In a final, bizarre jab at one of its Emmy-nominated series, NBC revealed the winner of Last Comic Standing 3 last night, even though the network had previously canceled the show and relegated broadcast of the finale to Comedy Central this Saturday, October 16, at 8 PM.

The winner of the $250,000 grand prize in the face-off between comics from the first two seasons of Last Comic Standing is season 2 runner-up Alonzo Bodden. He defeated season 2 winner John Heffron, season 1 third-place finisher Rich Vos and season 1 also-ran Dave Mordal in votes tabulated from across America after the final performance episode on October 5. In addition to the cash prize, Alonzo will be featured in his own one-hour stand-up comedy special on Comedy Central, a prize also awarded to season 1 winner Dat Phan and season 2 winner Heffron.

On his website, Alonzo acknowledged his victory. He thanked his fans for "supporting, voting, writing NBC and mostly laughing" but noted that "his thing hasn't sunk in yet; it's sort of surreal to hear you just won 250 grand but it's true."

Alonzo's win was certain to be popular with at least one former Last Comic Standing 3 contestant: season 1 runner-up Ralphie May, who told the Associated Press that Alonzo was "the only one that's doing real comedy."

The 30-minute series finale, which was taped yesterday, apparently will feature two-minute routines from each of the four finalists before the announcement of Alonzo as the winner. As discussed yesterday, under the "second window" contract between NBC (part of the NBC Universal TV group owned by GE) and Comedy Central (part of MTV Networks owned by Viacom), Comedy Central appears to be limited to broadcasting the finale in the reality-TV "ghetto" of Saturday night, despite the fact that even at its minimum, Last Comic Standing 3 drew over 5 million viewers, while Comedy Central averages only about 600,000 primetime viewers.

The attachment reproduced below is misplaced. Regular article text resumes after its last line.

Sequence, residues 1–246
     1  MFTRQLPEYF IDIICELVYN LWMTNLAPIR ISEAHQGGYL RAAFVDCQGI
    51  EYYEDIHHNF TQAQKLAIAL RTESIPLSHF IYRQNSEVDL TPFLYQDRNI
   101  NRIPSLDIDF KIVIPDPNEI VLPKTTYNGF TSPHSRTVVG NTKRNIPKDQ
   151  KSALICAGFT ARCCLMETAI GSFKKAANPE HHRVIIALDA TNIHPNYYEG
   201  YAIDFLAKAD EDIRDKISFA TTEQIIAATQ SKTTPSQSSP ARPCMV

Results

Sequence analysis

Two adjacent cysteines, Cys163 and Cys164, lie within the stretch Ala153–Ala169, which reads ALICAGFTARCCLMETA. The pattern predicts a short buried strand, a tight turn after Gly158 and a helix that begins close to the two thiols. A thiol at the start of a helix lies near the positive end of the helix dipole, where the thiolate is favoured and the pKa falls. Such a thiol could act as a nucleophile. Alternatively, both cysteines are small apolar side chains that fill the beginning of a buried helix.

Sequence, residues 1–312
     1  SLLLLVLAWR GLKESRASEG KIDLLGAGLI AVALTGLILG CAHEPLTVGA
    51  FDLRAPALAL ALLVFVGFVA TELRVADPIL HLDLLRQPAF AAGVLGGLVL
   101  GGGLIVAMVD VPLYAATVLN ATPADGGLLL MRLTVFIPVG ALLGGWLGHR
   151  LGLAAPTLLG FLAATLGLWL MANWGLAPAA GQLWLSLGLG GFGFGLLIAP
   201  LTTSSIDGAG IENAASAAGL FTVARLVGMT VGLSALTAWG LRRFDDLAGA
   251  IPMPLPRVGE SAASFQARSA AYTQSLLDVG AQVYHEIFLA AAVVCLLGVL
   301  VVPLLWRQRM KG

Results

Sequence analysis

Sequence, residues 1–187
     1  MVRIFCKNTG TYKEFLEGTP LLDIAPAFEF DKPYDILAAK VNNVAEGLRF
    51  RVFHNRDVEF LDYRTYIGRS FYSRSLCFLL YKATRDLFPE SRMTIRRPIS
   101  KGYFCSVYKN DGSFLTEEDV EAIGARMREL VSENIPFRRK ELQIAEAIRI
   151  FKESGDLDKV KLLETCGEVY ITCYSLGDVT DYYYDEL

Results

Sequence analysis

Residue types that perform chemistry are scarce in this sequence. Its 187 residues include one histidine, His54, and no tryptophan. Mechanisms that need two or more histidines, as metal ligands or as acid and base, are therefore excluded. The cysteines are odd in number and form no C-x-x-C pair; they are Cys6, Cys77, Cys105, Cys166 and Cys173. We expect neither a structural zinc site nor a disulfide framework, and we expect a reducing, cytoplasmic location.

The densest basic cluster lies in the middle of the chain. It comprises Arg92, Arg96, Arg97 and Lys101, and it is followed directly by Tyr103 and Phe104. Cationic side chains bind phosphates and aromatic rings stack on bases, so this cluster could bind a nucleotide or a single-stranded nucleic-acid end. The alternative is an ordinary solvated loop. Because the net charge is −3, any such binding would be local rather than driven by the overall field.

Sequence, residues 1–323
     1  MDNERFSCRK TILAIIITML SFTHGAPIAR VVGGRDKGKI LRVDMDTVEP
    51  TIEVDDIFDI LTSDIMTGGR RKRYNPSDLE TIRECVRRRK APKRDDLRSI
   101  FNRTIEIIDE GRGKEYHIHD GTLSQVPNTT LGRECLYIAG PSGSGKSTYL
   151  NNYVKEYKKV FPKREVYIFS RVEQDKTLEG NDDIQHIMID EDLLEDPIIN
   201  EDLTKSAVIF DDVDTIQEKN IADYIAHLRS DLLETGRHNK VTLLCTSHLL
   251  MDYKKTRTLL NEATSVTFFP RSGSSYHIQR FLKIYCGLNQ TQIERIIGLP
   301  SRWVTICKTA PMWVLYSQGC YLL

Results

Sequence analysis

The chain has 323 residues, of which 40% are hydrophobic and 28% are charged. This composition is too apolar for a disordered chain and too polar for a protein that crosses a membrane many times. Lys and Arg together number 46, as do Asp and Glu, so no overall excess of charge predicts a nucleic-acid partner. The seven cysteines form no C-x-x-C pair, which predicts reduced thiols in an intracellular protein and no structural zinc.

The confused messages and outright disdain with which NBC handled the Last Comic Standing 3 finale, culminating in NBC actually "spoiling" the results before the finale airs, have led to speculation that the only reason NBC produced a finale at all was that it would have been a breach of its "second window" contract to not provide one. Even in network television, money talks ... and the amount of money paid by Comedy Central for the rebroadcast rights was apparently more than the cost of the 30-minute finale.

Comedy Central plans to follow the Saturday night finale with a 30-minute rebroadcast of a comedy routine from one of the losing Last Comic Standing 3 finalists, Rich Vos.

The Hollywood and comedy rumor mill continues to speculate about the future of Last Comic Standing after its abrupt cancellation. An NBC spokesperson refused to comment to E! Online regarding a possible summer return of LCS on NBC. Meanwhile, sources in the so-called "comedy community" indicate that Comedy Central has expressed an interest in producing a new edition of the show even if NBC opts out, but that the cable network and the LCS producers have many details (primarily related to money) that would have to be resolved before such a show could become a reality.

Meanwhile, NBC's plan to air a "Father of the Pride marathon" at 8 PM instead of the Last Comic Standing 3 finale failed to help its anemic fall ratings. According to, the marathon finished a poor fifth in the ratings -- the same as Last Comic Standing 3 last week, and behind Fox, CBS, ABC and The WB -- and the regular 9 PM broadcast of Pride continued to limp along with its usual 8 million viewers.

One person publicly speculating about NBC's motives in cancelling the Last Comic Standing 3 finale was Alonzo, in a post on his website. "As for NBC," he wrote, "no one knows why they jerked around the show at the final episode. Some say it's ratings, others say it's Dreamworks, the producers of the animal puppets have lots of clout. Animal puppets, all I can say is somewhere out there is a great salesman. I mean, how do you pitch that show and when did they think it might be funny?" Considering that Father of the Pride has been met with extreme skepticism ever since its poorly-regarded premiere during the summer Television Critics Association tour, Alonzo isn't the only one asking that question today.

As pointed out, NBC failed to improved its 8 PM performance by axing the LCS3 finale, but "pulling a stunt like this (which is certainly not a first) shows a lack of respect for the audience." We agree.